Opinion |

Thank Heavens It's Kushner and Not Trump Coming to Tel Aviv

Jared's family real estate company is weighing a bond issue on the Tel Aviv Stock Exchange

David Rosenberg
David Rosenberg
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Jared Kushner
Jared KushnerCredit: FADEL SENNA - AFP
David Rosenberg
David Rosenberg

Thank heaven for little blessings. There are two real estate moguls packing their White House bags, but fortunately for Israeli stock market investors, it’s the smarter, more successful one that wants to issue bonds on the Tel Aviv Stock Exchange.

Kushner Cos., the family-owned property company that son-in-law-in-chief Jared Kushner once ran, has reportedly filed to issue about $100 million in debt for trading on the TASE. No other details about the offering are known, but it will probably take place sometime in the first quarter of 2021.

Saying that Kushner Cos. is a smarter and more successful business than the Trump Organization doesn’t really set a high benchmark. Despite Donald Trump’s repeated assertions that he is a multi-billionaire and the most successful property investor since Peter Minuit bought Manhattan Island for $24 from the Lenape Native Americans, the truth is otherwise.

Both the Kusher and Trump companies are privately held, so their financial statements aren’t available to the public. However, an investigation by The New York Times into some of Trump’s tax information, published last September, revealed that in the last two decades real estate has been mostly a money-loser for the president. Apart from the infamous Trump Tower and a pair of Chicago office buildings he got as compensation for an abortive business deal, his empire of golf courses, Washington DC hotel and real estate-services businesses seem to have all lost oodles of money. Even when the U.S. economy was booming pre-COVID, the Trump Organization was, at best, coasting.

What kept the business going (apart from not paying taxes) was revenues from “The Apprentice” reality TV series and licenses paid by others to use the Trump name. The tax records thus not only throw cold water on Trump’s alleged real estate smarts, but illustrate just how much he was the kind of businessman who profits from the airiest bits of the economy. He was never a businessman who created jobs and innovated; he just catered to rich people with open wallets and skimmed off percentages from his name.

By contrast, Kushner Cos. has real estate assets estimated at $15 billion, did $3 billion worth of deals last year and has a payroll of about 1,000.

When Jared ran the company in the years before Trump’s election victory, the company’s record was mixed. He wasn’t yet CEO, but he was reportedly heavily involved in the disastrous purchase of the 666 Fifth Avenue office tower. He was running the show when the company bought another dud, the former New York Times building.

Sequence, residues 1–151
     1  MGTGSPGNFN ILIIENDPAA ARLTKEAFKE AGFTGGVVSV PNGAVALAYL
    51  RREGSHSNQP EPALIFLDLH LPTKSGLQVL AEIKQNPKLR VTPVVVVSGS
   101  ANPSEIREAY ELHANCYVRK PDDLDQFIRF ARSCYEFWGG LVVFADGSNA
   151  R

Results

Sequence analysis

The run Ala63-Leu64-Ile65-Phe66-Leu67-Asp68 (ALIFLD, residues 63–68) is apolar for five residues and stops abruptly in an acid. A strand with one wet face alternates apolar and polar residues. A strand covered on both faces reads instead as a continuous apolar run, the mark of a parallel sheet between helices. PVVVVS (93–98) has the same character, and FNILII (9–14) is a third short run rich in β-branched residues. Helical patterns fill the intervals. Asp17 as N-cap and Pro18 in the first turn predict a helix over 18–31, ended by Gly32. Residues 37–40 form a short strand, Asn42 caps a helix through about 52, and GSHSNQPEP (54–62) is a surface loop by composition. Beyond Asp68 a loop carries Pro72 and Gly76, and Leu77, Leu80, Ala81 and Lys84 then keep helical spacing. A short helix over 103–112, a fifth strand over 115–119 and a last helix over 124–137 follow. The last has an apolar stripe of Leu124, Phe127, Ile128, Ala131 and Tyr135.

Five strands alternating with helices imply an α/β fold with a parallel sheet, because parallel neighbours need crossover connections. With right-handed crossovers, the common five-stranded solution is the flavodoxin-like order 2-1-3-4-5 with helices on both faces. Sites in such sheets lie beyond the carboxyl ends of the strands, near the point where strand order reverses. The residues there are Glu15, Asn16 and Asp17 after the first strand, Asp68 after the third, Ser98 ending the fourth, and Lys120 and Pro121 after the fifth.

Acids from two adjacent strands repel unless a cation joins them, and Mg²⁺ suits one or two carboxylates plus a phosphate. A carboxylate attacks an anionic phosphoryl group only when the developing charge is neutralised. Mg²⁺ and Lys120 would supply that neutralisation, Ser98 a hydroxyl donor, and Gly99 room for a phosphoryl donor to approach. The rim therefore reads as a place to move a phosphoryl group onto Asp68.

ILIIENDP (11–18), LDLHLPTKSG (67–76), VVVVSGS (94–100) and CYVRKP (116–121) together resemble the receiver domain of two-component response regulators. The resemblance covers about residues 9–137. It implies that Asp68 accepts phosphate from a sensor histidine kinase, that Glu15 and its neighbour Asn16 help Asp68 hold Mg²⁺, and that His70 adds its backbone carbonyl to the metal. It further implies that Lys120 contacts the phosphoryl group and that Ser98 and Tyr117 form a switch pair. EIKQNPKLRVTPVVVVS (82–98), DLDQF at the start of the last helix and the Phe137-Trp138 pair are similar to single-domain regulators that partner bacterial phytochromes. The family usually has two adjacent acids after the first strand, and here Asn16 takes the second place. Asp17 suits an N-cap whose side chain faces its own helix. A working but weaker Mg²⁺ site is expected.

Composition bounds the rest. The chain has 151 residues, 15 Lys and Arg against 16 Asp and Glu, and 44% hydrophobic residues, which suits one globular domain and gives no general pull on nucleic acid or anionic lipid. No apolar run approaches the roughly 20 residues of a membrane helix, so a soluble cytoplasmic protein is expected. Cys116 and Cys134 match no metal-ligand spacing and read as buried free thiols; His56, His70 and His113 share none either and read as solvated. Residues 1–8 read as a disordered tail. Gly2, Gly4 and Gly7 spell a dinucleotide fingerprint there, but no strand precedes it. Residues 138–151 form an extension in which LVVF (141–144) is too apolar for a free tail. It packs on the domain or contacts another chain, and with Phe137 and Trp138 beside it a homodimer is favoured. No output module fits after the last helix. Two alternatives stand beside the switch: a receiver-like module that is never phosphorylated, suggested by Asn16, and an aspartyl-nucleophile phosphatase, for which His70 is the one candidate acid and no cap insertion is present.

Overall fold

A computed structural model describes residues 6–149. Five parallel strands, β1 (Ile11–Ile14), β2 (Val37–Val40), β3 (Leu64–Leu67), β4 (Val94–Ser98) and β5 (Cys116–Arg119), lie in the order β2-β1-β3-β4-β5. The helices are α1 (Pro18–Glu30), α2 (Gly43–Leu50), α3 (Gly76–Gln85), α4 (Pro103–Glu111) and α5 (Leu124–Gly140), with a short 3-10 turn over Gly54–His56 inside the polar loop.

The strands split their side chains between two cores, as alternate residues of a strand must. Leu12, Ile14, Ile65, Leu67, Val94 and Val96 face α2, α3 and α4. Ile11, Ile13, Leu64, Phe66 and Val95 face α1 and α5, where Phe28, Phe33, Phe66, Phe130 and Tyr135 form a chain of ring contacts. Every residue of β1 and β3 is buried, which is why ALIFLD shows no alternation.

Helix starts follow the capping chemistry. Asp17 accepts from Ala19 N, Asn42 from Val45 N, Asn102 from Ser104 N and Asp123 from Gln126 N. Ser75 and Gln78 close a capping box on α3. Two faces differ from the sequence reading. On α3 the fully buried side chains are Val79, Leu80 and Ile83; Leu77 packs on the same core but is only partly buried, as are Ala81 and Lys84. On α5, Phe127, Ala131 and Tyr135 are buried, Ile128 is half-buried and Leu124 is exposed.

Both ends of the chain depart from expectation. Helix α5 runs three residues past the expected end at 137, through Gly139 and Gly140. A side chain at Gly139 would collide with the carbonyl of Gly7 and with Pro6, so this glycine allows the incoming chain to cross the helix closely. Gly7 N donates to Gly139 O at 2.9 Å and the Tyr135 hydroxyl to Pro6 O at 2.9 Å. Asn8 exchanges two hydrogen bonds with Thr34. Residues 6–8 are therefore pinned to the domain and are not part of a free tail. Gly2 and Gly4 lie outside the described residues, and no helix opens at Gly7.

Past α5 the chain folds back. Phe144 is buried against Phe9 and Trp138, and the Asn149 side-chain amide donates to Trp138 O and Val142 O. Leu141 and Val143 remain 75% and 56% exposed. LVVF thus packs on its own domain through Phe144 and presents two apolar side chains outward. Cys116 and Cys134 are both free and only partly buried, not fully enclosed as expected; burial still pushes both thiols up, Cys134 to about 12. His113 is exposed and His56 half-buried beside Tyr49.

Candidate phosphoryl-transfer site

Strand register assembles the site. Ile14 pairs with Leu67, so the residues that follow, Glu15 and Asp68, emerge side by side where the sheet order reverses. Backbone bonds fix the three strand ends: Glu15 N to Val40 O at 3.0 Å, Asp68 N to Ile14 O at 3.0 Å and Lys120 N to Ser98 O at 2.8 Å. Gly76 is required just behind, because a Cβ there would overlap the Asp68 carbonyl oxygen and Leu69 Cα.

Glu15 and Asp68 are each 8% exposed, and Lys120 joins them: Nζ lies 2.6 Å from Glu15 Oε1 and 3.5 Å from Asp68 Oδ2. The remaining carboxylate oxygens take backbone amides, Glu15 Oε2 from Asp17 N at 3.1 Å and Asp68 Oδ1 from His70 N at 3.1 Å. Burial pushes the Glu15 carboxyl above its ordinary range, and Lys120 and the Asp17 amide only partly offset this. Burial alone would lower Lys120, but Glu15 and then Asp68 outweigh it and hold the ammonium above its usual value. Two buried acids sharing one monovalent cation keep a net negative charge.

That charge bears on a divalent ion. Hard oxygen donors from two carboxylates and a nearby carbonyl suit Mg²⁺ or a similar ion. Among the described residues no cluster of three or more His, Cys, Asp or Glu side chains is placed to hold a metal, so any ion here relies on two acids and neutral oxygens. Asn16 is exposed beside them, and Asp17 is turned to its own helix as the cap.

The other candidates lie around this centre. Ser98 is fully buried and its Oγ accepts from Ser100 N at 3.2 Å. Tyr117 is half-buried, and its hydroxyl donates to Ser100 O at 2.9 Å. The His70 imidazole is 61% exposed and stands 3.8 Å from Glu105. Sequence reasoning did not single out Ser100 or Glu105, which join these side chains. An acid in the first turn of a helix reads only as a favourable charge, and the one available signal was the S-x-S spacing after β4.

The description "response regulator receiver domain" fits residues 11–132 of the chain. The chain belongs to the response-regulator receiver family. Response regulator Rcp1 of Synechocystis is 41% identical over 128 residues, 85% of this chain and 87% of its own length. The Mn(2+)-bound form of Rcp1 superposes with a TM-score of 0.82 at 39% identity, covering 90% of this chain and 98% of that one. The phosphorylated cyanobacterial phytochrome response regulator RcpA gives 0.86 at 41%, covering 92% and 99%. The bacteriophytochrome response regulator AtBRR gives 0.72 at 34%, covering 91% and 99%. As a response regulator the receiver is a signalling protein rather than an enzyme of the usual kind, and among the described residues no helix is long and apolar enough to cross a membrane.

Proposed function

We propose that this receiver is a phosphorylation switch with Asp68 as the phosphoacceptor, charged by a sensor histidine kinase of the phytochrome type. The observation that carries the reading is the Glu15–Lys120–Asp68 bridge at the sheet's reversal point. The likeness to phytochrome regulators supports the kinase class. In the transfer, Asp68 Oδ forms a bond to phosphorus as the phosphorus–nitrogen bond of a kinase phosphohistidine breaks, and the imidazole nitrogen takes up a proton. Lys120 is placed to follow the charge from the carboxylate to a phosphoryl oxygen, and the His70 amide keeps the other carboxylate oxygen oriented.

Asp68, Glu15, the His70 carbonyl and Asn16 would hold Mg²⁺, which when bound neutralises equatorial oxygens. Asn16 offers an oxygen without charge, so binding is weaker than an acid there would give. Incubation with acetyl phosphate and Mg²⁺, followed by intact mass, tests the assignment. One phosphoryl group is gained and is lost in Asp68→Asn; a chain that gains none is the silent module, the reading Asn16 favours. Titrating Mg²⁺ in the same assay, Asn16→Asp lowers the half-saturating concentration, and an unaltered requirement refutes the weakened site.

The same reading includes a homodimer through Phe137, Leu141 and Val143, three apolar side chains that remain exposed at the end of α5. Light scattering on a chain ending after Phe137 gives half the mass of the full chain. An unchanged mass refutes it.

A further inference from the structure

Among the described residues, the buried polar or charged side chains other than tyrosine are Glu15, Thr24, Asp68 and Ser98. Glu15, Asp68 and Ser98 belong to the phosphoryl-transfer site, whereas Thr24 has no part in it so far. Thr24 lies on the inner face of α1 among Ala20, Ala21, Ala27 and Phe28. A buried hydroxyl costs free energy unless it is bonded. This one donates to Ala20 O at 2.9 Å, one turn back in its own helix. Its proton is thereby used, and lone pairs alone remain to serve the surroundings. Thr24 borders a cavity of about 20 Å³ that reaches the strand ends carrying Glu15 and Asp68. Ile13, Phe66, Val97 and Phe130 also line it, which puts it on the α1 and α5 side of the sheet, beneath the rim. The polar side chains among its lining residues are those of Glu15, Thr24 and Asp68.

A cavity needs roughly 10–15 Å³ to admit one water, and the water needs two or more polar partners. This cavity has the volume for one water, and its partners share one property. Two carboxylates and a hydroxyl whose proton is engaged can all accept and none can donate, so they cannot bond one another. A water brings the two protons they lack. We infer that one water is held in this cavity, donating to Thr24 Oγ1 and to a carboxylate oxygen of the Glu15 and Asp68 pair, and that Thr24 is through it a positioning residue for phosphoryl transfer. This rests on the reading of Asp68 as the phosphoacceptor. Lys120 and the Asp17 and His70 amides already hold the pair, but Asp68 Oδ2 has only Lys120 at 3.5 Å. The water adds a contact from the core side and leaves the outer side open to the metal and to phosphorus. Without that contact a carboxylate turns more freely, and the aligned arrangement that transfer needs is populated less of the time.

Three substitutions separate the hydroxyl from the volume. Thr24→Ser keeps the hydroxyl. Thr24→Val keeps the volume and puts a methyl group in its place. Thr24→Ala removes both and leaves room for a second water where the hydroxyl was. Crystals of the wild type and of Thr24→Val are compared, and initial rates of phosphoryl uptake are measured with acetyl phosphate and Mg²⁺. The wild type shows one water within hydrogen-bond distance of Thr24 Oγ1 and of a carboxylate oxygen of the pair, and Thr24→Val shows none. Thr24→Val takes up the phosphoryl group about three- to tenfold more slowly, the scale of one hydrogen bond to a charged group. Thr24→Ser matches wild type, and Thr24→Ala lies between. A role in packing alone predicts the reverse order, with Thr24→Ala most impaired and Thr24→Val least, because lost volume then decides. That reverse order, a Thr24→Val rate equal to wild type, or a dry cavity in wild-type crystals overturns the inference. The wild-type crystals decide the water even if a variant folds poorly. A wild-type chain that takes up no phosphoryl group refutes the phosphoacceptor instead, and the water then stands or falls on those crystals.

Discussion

No matter, Jared left for Washington and under the resumed leadership of his father Charles (recently pardoned by Trump) and President Laurent Morali, the company has been bailing out of the New York property market in favor of a portfolio of suburban real estate in places like New Jersey, Virginia and Florida. That is decidedly less glamorous than owning soaring Manhattan office towers, but with urbanites fleeing the cities due to COVID, Kushner senior’s strategy is looking very savvy.

Risky business

The wisdom concerning Kusher Cos.’ plans to sell bonds in Tel Aviv is that it wants to raise cash in order to buy distressed properties in the real estate wreckage left by the coronavirus. It is certainly not the only property company thinking in that direction and, broadly speaking, the strategy makes sense.

The problem is the details. It would be dangerous to be betting on commercial and office real estate right now, since no one can say with any assurance what demand for offices and brick-and-mortar stores will be. Residential real estate is a better bet, but who’s to say that the city exodus is more than a fad? If city apartment prices come down and restaurants and other attractions return to life, a lot of people may have second thoughts.

The other risk is that Jared may rejoin the family business. On the one hand, he made a lot of new, rich and influential friends in the Gulf and elsewhere during his White House years who could give a boost to the family business (we’ll leave the conflicts of interest issues aside, much like Jared himself has). But his track record in the real estate business is spotty.

And that leads to the second half of the risk. If it goes ahead with its plans, Kushner Cos. won’t be the first American property company to sell bonds or stock on the TASE. Somewhere between 25 billion and 30 billion shekels ($7.8 billion-$9.3 billion) of securities have been issued over the years, but alas, not always so successfully. A lot of the companies have had to reschedule debt amid issues of poor governance and transparency and an absence of collateralization to adequately protect bondholders.

It would be nice to think that TASE investors have learned their lesson, but the history of stock markets is that the learning curve slopes downward very quickly. Yesterday’s obvious risk becomes today’s unbeatable opportunity. Factor in the Kushner name (and let’s face it, Trump is popular in Israel and Kushner is regarded as the hero of normalization), and investors may be less discerning than they ought to be.

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